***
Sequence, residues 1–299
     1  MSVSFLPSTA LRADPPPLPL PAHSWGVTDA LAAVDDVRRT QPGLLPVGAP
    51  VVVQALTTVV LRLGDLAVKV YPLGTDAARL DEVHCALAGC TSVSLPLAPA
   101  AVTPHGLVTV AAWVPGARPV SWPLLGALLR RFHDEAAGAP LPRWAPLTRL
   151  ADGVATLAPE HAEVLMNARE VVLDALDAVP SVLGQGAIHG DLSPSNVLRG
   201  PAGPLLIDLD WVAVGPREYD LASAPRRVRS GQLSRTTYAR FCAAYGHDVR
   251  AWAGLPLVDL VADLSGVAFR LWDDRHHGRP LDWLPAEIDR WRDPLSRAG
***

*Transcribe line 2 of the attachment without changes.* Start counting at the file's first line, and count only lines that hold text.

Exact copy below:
     1  MSVSFLPSTA LRADPPPLPL PAHSWGVTDA LAAVDDVRRT QPGLLPVGAP